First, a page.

How much choice is too much?

Apparently for Coca-Cola, there are about 400 different types of drinks.

That's why beverage company recently decided to discontinue half of themdropping brands like Tab, Zico coconut water, Diet Coke Fiesty Cherry and Odwalla juices, but still leaving around 200 others to choose from.

It's a measure that other companies are also taking, reducing the variety of offerings, from mayonnaise to cereals and cars, and focusing on what they believe will sell best.

Stew Leonard's, a supermarket chain that operates stores in Connecticut, New York and New Jersey, now has 24 flavors or types of cereal, down from 49 in 2019. Edgewell Personal Care Co., maker of Schick blazers and Banana Boat sunscreen , has trimmed certain varieties of its Wet Ones antibacterial wipes, among others. And Dollar General, based in Goodlettsville, Tenn., used to stock six different types of mayonnaise on its shelves and now plans to introduce some of them.

“The consumer won’t know the difference,” Dollar General CEO Todd J. Vasos told analysts in December. “In fact, it will make her life a little simpler when she goes on the shelf.”

Just a year ago, the Kohl's store in Clifton, New Jersey, had tables filled with sweaters and shirts in a rainbow of colors, as well as dress racks crammed with a wide variety of styles. Now, it features a more edited approach—tables have thin stacks of knit shirts that cluster into fewer colors, and many racks of dresses have been whittled down to just three or four styles.

Under its new CEO, Tom Kingsbury, Kohl's has been reducing colors and variations of sweaters, jeans and other items while sending shoppers to the New York market more frequently to bring fresh, on-trend merchandise. .

“We would go out and buy a lot of products and they would arrive 12, 14 months later, and they wouldn’t perform very well,” Kingsbury told analysts on a conference call in November. “We will use the marketplace to be able to react quickly to the business, getting into trends.”

Some customers like the changes so far.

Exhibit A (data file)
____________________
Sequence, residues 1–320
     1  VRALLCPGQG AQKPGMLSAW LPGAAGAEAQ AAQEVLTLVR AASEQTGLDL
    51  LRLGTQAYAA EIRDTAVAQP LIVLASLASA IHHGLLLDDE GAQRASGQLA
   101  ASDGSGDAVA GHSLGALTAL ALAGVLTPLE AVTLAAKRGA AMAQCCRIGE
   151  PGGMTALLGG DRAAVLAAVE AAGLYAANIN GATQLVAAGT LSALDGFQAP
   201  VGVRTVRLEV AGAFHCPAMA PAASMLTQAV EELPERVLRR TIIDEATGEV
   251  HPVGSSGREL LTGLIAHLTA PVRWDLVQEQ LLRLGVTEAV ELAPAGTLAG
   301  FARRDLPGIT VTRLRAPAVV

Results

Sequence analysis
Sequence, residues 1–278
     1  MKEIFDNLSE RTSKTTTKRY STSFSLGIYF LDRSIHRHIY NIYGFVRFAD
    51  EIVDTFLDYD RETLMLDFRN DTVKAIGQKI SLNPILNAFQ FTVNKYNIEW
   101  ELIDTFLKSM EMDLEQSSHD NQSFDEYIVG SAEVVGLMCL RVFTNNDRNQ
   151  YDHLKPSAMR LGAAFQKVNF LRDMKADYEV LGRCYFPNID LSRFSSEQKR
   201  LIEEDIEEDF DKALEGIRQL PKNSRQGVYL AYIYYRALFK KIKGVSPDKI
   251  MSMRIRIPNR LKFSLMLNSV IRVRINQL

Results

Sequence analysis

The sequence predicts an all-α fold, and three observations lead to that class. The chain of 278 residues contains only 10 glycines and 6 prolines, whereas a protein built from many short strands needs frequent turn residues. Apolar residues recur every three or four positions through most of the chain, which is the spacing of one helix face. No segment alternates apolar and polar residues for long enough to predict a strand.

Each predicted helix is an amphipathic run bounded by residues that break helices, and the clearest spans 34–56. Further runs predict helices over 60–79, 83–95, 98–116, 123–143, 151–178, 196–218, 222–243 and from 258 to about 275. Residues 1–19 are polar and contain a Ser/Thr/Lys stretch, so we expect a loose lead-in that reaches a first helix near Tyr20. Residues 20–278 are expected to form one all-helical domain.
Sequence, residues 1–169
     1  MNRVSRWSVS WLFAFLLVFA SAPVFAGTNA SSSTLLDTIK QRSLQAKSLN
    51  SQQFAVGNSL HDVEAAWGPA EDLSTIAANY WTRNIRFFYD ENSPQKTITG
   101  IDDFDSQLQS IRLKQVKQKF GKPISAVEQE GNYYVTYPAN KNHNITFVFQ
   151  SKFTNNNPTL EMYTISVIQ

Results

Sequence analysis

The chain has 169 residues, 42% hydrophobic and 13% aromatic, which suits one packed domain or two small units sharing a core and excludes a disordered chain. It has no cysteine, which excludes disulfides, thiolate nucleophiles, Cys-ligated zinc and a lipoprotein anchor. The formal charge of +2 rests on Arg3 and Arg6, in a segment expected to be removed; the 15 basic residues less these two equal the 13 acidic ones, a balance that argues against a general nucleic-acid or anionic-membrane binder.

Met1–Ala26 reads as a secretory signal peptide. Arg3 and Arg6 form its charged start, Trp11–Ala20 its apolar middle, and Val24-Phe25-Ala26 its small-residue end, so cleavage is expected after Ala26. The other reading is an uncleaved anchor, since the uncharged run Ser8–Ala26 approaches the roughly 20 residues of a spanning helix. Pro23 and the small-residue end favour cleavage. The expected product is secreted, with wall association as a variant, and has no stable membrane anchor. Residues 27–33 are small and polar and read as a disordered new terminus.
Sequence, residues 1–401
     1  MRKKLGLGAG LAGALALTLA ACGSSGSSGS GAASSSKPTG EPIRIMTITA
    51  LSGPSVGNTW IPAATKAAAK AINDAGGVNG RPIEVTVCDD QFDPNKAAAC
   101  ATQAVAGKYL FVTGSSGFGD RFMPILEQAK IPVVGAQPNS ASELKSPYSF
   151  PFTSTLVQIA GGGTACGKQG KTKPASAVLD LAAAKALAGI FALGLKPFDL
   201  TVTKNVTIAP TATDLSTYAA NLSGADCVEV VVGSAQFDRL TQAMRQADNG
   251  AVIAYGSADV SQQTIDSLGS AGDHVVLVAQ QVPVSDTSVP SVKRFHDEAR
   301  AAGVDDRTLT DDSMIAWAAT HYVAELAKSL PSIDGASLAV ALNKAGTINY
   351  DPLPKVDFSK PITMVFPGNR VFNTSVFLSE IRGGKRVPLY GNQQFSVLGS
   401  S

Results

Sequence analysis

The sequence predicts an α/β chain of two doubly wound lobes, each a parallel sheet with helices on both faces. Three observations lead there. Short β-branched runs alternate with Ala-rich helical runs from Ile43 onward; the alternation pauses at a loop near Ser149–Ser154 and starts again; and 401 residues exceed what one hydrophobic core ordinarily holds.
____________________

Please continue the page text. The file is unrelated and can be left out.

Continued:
“It's very organized,” said Kimberly Ribeiro, 30, who was at the Kohl's store on a recent Friday. “If you’re not so confused, you won’t be overwhelmed.”

Even in the automotive world, buyers are finding fewer options. Both General Motors and Ford have disclosed how they are limiting the number of option combinations customers can get on their vehicles to reduce manufacturing and purchasing complexity.

This represents a reversal from a few years ago, when there was an explosion of choice, encouraged in part by online shopping that didn't mind space constraints. But that didn't always result in sales, so companies began pruning selections a year or two before the pandemic.

During the pandemic, pruning has only accelerated, with companies focusing on needs while grappling with supply chain obstructions. But even after the pandemic, when goods began to move freely again, many companies decided that less was better and justified limited selection by saying that shoppers don't want so much choice. It is also more profitable for companies because they don't carry so many surpluses that need to be discounted.

Overall, new items represented about 2% of products in stores in 2023 in categories such as beauty, footwear, technology and toys, down from 5% of items in 2019, says market research firm Circana.

Eric O'Toole, president of Edgewell's North American division, noted that the pandemic presented “a really valuable stimulus” for reevaluating the assortment.

“We avoid following fads, as the supply chain and retailer costs required to support shelf access typically do not generate a return in the end,” said O'Toole. “A tighter, more curated portfolio supports healthy earnings management. ”

Many think they're also doing shoppers a favor, with studies showing that fewer options, and not as much variety, actually encourage shoppers to buy more.

In 2000, psychologists Sheena Lyengar and Mark Lepper published a to study which showed limited selection is better for the buyer. In their experiment, Lyengar and Lepper found that consumers were 10 times more likely to purchase jam displays when the number of jams available was reduced from 24 to 6, although they were more likely to stop at the display that offered the most choices. Subsequent studies confirmed this phenomenon.

“Retailers are recognizing that they have to respect shoppers’ time,” said Paco Underhill, whose company, Envirosell, studies consumer behavior.

Still, retailers can't just cut products willy-nilly, said David Berliner, who leads the business restructuring and turnaround practice at BDO.

“You want to make these cuts so they don't even notice, and you want the store to still feel full,” Berliner said. “If you do it too much, you might scare some people away.”

Berliner also believes that reducing variety could also hurt smaller brands that relied on retailers to offer different products – and will send shoppers like Bob Friedland to other competitors.

The 49-year-old communications consultant from Little Falls, New Jersey, said that for years his favorite barbecue sauce was Open Pit. But Friedland noticed that in recent years, his local grocery stores weren't carrying it, and he's since turned to Amazon to buy it. This means these local stores didn't just lose Open Pit sales to Friedland. but all the other shopping he did while buying his favorite barbecue sauce.

“I really don't like the idea of ​​a retailer telling me what I should or shouldn't be interested in,” Friedland said. “I like variety. I like specific brands.”